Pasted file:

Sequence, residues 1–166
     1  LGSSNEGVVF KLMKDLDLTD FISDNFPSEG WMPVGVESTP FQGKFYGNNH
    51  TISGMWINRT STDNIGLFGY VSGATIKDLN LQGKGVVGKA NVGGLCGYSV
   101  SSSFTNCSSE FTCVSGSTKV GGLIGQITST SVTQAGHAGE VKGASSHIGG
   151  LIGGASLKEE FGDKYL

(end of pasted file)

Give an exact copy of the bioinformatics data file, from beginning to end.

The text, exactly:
Sequence, residues 1–166
     1  LGSSNEGVVF KLMKDLDLTD FISDNFPSEG WMPVGVESTP FQGKFYGNNH
    51  TISGMWINRT STDNIGLFGY VSGATIKDLN LQGKGVVGKA NVGGLCGYSV
   101  SSSFTNCSSE FTCVSGSTKV GGLIGQITST SVTQAGHAGE VKGASSHIGG
   151  LIGGASLKEE FGDKYL